The economy has changed the way many employers do business. When the number of employees is reduced due to budget cuts or downsizing, companies can be forced to do more with less. When important tasks are to be performed, employees are often required to work overtime to make sure the project is completed on time. With so many people losing their jobs during this recession, employees are nervous about stability in the workplace.
Mental health concerns often do not get a lot of attention when it comes to on the job injuries. Many employers emphasize a balance between work and life to prevent their employees from suffering from burn-out. More time at work means it is more likely that an employee's stress level will increase. Workers' compensation claims for stress-related illnesses are very difficult for employees to prove.
The challenge for employees is being able to demonstrate that the resulting mental health problems are directly connected to issues at the workplace. The resulting changes to a person's health or job role can lead to additional stress, making it difficult to focus on job functions.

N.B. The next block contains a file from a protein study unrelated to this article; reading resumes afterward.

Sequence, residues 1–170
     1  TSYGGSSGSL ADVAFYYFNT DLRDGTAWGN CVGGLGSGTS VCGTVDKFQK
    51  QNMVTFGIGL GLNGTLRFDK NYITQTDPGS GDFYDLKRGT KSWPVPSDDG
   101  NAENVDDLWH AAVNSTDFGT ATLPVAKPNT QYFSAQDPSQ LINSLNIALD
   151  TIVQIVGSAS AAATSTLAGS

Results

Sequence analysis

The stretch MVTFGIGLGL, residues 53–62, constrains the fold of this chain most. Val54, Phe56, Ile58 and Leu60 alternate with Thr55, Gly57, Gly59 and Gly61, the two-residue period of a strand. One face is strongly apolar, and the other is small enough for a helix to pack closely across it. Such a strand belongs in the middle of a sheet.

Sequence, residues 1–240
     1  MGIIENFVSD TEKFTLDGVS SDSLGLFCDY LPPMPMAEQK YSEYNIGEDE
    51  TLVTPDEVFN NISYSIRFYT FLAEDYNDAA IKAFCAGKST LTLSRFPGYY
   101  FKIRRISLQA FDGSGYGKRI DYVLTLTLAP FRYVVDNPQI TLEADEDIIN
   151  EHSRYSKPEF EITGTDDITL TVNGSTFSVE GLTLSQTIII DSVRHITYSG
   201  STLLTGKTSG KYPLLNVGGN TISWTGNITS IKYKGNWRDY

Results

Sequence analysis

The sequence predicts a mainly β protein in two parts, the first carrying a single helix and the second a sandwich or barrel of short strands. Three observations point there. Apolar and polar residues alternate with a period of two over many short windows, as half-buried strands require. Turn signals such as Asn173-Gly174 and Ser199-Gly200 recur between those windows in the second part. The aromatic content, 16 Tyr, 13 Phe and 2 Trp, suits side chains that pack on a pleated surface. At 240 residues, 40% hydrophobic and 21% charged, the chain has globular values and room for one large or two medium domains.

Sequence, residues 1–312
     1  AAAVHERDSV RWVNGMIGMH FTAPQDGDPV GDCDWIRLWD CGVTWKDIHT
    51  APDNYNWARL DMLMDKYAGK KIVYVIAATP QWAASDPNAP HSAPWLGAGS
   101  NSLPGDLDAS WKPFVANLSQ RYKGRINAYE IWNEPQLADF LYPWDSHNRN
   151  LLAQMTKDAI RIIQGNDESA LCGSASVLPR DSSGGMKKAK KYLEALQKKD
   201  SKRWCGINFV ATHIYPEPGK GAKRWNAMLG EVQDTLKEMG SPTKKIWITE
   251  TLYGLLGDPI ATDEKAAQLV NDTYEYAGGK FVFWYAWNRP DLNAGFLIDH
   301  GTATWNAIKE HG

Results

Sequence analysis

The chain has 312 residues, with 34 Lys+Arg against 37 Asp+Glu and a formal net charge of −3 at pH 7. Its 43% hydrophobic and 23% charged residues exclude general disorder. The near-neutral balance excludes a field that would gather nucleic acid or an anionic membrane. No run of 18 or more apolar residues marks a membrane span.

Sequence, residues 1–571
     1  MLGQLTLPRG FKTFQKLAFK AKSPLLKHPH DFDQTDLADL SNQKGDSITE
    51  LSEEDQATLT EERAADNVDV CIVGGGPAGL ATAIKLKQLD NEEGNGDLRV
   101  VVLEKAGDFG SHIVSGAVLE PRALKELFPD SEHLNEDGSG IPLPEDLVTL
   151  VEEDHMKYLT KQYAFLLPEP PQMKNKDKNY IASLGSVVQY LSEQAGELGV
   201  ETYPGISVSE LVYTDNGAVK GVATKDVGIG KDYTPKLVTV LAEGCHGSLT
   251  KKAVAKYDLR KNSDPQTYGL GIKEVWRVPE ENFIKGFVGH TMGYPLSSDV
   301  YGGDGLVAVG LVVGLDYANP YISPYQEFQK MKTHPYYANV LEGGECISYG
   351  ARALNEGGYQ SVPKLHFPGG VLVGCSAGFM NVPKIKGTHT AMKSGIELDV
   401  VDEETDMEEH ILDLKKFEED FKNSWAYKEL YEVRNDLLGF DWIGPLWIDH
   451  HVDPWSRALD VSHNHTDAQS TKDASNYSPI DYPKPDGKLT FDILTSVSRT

The Centers for Disease Control (CDC) has extensively studied depression in the workplace, and states that 20 percent of the U.S. workforce suffers from some type of mental illness. A study in PLoS ONE reports that those who work more than 11 hours a day are two times more likely to suffer from depression.
It is extremely important for workers suffering mental health issues to seek treatment. Depression is a serious illness that impacts many people throughout the workforce. The additional stress that many workers are currently facing could lead to more workplace accidents or long-term mental health concerns.
Source: Huffington Post "Overtime Work Linked With Higher Depression Risk: Study" Amanda Chan, Jan. 26, 2012.